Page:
Early American historical records indicate the prominent part members of this family played in the development of our nation. Their descendants can be found throughout the United States today and are well represented in the arts and professions as well as in the world of business.
The Mosaic was completed in Italy in 1900. It was placed in the Universalist Church at Wilkes-Barre, Pennsylvania, in August of 1900, at a cost of $650.00. In 1919, the Universalist Church at Wilkes-Barre closed its doors.
Marion and Lillian Storrs were visiting family in Wilkes-Barre and attended the church service at the Universalist Church when the pastor announced that the church was going to close. After the service, Marion and Lillian asked the pastor what the plans were for the Mosaic. The ladies explained what their interest was and why they wanted to move the Mosaic to the Universalist Church in Standing Stone. They left their address with the pastor and the pastor said he would notify them when a decision had been made.
In August, Marion and Lillian Storrs received a letter. The congregation had voted and decided that if Marion and Lillian would pay to have the Mosaic removed from the wall, put in a crate, and make the shipping arrangements with the railroad, that they would give the Mosaic to the Standing Stone Universalist Church. Marion and Lillian were very happy with the decision. The next day, Marion and Lillian made arrangements to have the front wall in the Standing Stone Universalist Church reinforced with steel beams. The next week, Marion and Lillian traveled to Wilkes Barre to make arrangements for crating and transporting this beautiful Mosaic to Standing Stone.
In September 1919, the Mosaic arrived at Standing Stone on a railroad car. A team of four oxen and two open hay wagons carried the Mosaic to the Universalist Church. Men from miles around came to help lift this Mosaic into its place. The window closest to the Mosaic was completely taken out. The Mosaic was turned on its side and lifted through the window. After the removal of the shipping material, the Mosaic was lifted into place. The Mosaic weighs one and a half tons and is fifteen feet high. It is supported on the wall by railroad spikes.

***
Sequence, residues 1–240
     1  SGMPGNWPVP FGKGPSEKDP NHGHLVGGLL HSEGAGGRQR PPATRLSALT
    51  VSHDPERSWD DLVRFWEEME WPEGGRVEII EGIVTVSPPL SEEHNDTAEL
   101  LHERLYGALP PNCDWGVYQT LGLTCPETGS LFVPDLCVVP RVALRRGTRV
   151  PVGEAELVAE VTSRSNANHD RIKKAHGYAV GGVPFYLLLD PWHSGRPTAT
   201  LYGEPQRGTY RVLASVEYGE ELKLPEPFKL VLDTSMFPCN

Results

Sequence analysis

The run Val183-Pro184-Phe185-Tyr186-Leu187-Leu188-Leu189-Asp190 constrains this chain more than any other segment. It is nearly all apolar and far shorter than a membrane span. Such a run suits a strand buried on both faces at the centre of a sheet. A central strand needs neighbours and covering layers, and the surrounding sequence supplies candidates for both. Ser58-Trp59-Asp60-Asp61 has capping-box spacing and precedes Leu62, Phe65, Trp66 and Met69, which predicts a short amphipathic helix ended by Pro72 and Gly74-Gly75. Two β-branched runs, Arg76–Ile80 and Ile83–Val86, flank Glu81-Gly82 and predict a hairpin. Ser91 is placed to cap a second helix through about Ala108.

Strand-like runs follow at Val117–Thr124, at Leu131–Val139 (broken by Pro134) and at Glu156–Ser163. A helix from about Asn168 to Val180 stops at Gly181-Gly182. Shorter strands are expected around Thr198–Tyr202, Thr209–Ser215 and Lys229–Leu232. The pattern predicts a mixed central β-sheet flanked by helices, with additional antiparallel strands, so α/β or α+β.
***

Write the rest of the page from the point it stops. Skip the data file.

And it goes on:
After making sure that the Mosaic was secure, Marion and Lillian Storrs wrapped the mosaic with three large American flags. They put three separate cords, one on each side, and one in the middle so when the dedication took place, the flags would fall at the same time.
On Sunday, December 14, 1919, at 2:30 p.m., the unveiling of the mosaic took place. Marion and Lillian Storrs dedicated this beautiful Mosaic in Honor of Lt. Asa Stevens. The three great-great-great-grandsons of Lt. Asa Stevens unveiled the Mosaic. They were: Nelson Perry Stevens, son of Charles S. & Minnie Donley Stevens; Ralph Lee Stevens, son of Fred K. & Edna Beamen Stevens and Lincoln Abraham Neiley, son of Jerome B. and Jennie Stevens Neiley.
All of the boys were eight years old at the time of the unveiling. Special music was provided by Charles S. Stevens, playing the violin, and his daughters, Alice I. Stevens (French) at the pump organ, and Ada H. Stevens (McNeal) at the Cello.
The Standing Stone Universalist Church is now called the Standing Stone Community Vesper Church.